Eduardo Sanchez was another pitcher that provided Cardinals fans with excitement earlier this season while the team was struggling to find reliable bullpen arms. With his wicked slider, Sanchez was fooling major league hitters for two months before going down with what was initially termed shoulder fatigue. After an abbreviated rehab assignment, he hit the disabled list again. He’s rejoined the Cardinals now, but it’s unlikely that he will get a chance down the stretch. The issue with Sanchez was that eventually major league hitters realized that he couldn’t consistently throw the slider for a called strike, so they laid off it and got him into some trouble near the end of his time. With a chance to hit spring training as an expected contender for the 2012 bullpen, Sanchez should be able to work on that slider and figure out what he needs to do. He’s probably the most exciting pitcher the Cardinals have and I think many agree with me that he has the best pure stuff in the bullpen.

Marc¬†Rzepczynski¬†was acquired in the Colby Rasmus trade and provides something that the Cardinals haven’t been able to produce: a quality left handed reliever. However, there is also the potential that he could jump to the rotation eventually as both the Blue Jays and the Cardinals consider him starting material. However, the rotation is set for next year and that means that Rzepczynski is back in the ‘pen for 2012. While Zep has been good this season for the Cardinals, he hasn’t been as dominating, but that could be attributed to being used more often as a regular reliever under LaRussa than he was in Toronto.

Finally, Lance Lynn was a starter for Memphis and Tony LaRussa has said that he has the stuff to be a starter in the major leagues. However, when he was called up to fill a spot in the bullpen he made it his own. He quickly became one of the best pitchers that the Cardinals had in the bullpen and solidified an 8th inning role. That was until an apparent oblique injury. There is no reason to expect that Lance Lynn cannot assume a major role in the 2012 bullpen again.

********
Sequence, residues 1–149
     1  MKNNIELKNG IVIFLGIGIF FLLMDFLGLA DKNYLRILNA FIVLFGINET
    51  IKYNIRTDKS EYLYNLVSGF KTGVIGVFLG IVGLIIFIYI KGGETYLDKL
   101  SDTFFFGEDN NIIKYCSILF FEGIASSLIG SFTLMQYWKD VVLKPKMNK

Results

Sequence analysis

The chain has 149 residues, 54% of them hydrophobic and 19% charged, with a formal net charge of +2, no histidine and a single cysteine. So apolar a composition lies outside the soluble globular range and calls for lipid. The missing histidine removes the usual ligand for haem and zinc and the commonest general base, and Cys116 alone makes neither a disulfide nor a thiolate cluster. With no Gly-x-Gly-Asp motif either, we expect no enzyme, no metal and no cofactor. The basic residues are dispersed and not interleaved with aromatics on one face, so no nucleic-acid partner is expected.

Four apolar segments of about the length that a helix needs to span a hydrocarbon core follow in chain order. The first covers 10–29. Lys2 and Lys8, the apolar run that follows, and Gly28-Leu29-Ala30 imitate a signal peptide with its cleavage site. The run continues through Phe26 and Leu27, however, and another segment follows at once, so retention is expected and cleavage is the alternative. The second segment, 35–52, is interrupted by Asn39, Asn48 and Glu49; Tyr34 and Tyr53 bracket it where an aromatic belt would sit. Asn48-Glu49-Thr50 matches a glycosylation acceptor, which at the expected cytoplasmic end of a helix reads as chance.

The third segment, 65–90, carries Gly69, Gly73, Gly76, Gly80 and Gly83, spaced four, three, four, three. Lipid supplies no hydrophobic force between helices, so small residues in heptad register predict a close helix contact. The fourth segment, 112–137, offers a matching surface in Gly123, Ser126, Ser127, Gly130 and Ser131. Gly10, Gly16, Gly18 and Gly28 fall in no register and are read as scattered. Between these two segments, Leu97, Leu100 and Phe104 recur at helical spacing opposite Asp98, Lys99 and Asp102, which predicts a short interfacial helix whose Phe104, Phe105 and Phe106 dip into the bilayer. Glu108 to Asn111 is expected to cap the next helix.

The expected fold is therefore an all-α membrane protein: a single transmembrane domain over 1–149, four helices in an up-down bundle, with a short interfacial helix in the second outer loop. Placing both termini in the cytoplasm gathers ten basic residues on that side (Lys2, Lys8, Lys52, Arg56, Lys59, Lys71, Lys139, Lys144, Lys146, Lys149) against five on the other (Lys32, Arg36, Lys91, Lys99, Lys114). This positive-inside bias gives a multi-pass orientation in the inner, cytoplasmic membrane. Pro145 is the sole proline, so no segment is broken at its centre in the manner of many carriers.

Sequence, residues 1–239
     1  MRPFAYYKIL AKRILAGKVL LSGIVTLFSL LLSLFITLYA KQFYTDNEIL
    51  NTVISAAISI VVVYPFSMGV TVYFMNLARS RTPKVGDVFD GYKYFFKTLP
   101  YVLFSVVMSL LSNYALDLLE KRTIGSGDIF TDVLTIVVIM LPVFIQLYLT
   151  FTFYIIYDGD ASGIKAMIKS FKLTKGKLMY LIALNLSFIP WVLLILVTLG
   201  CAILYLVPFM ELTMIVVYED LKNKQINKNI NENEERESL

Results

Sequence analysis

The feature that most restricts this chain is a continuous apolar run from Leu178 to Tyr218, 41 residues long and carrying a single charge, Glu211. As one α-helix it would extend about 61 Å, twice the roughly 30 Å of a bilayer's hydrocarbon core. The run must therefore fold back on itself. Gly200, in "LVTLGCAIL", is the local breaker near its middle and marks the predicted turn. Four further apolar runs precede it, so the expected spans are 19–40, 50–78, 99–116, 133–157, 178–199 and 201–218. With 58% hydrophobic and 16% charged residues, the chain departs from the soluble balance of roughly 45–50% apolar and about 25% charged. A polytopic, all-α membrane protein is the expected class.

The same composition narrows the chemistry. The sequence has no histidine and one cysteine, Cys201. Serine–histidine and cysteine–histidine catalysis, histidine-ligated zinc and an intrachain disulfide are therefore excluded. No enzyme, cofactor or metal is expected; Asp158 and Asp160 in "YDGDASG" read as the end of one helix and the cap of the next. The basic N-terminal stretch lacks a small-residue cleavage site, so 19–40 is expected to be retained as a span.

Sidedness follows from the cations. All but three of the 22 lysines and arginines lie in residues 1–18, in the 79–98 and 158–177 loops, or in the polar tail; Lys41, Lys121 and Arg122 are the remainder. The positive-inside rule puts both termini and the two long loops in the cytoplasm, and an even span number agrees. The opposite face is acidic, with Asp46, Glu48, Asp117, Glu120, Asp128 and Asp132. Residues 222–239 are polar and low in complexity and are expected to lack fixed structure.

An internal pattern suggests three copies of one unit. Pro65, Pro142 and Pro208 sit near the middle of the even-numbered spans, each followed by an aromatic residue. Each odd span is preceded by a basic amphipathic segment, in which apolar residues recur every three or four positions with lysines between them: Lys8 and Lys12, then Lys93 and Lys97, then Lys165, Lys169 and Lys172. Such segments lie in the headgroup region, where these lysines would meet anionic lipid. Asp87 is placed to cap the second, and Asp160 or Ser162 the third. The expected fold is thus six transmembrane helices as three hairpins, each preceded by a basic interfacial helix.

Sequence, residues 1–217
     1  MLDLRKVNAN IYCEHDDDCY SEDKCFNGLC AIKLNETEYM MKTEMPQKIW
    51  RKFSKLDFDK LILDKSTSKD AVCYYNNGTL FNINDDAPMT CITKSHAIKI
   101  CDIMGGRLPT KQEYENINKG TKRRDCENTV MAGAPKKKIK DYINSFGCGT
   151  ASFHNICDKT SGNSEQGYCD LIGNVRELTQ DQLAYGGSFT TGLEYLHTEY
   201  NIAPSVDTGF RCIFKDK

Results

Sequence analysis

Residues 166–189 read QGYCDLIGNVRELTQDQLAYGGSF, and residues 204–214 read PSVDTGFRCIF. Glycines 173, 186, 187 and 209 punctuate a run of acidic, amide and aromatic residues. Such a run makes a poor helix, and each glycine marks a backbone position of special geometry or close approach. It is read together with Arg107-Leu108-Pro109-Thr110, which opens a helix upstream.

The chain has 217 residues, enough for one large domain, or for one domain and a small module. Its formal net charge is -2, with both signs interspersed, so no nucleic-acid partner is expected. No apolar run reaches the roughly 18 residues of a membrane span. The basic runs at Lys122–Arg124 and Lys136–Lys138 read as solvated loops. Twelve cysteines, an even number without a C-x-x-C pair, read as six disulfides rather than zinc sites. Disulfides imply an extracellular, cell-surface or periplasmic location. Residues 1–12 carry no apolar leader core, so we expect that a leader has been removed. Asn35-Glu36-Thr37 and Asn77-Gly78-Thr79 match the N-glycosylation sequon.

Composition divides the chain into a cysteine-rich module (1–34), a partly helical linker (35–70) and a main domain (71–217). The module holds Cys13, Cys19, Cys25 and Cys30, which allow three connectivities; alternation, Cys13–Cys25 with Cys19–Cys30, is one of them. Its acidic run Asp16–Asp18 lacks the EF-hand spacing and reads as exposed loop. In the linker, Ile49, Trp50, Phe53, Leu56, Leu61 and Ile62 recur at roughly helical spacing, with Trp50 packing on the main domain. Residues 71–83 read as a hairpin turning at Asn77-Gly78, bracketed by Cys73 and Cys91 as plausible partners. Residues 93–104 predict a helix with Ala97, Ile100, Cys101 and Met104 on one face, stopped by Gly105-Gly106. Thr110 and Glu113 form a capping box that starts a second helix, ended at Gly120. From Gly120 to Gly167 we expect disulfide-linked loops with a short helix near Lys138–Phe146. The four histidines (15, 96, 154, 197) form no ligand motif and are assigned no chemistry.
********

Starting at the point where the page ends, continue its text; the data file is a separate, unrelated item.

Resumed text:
Now the lesser known guys.

Tony Cruz is definitely someone I can see being a contributor to the 2012 team. He spent a lot of time in St. Louis over the summer, and could be the guy that takes the backup catcher job and potentially position himself to be the successor to Yadier Molina. It’s big that he and Carpenter were paired together a few times over the summer too, with Cruz behind the plate. It would be a cheap way to fill that role and save a few bucks as they attempt to spend to keep some of the starting level talent on the team.

Adron Chambers and Andrew Brown should be putting their names in the hat as a fourth or fifth outfielder. Chambers’ advantage is that he can play all three outfield positions. Brown’s advantage is that he is right handed and has more power. So it really depends which average the Cardinals would like to go, defense and speed with Chambers or right handed and power with Brown. Both are on the cusp of being ready and if we’re looking at a Holliday/Jay/Craig outfield next season, you know that there will be some at bats available in the outfield.

There aren’t a huge number of young guys who I expect to contribute next season. Just those who really made a small mark this season. There is a little bit of a talent gap in the Cardinals minor league system, in my opinion, for about the next year or so. This creates a fairly large question for the Cardinals as they potentially have to deal with injury questions in 2012. Who gets the call to absorb the impact?

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Jackson making his case

Cue the Edwin Jackson stories, it seems. Had all my notes out to write this and in the last 24 hours I’ve seen three or four stories on him and his impending free agent status.

Since coming to the Cardinals as part of the 8 player trade with the the Toronto Blue Jays that involved Colby Rasmus, Edwin Jackson has blinked once and been phenomenal the rest of the time. In his 8 starts, he has a 3.44 ERA, a 4-2 record and averages 6.54 innings per start. If you take out the one start in Milwaukee where he got bombed for 8 earned runs over 7 innings, that ERA drops to 2.36. That’s a sparkly small ERA.

It also makes him the Cardinals’ best starting pitcher in those last 8 starts.

Jackson: 4-2, 3.44 ERA, 6.54 IP/GS
Westbrook: 3-3, 3.99 ERA, 6.21 IP/GS
Carpenter: 2-2, 4.44 ERA, 6.58 IP/GS
Lohse: 4-2, 4.95 ERA, 5.00 IP/GS
Garcia: 2-3, 5.12 ERA, 5.70 IP/GS

However you stack it up, Jackson has done exactly what the Cardinals needed him to do.

So he gives the Cardinals an interesting question going into 2012. The typical idea is that the Cardinals will need to acquire another starting pitcher, whether that is retaining Chris Carpenter or Edwin Jackson, giving a young guy a shot in the rotation, or finding someone in free agent to fill the slot.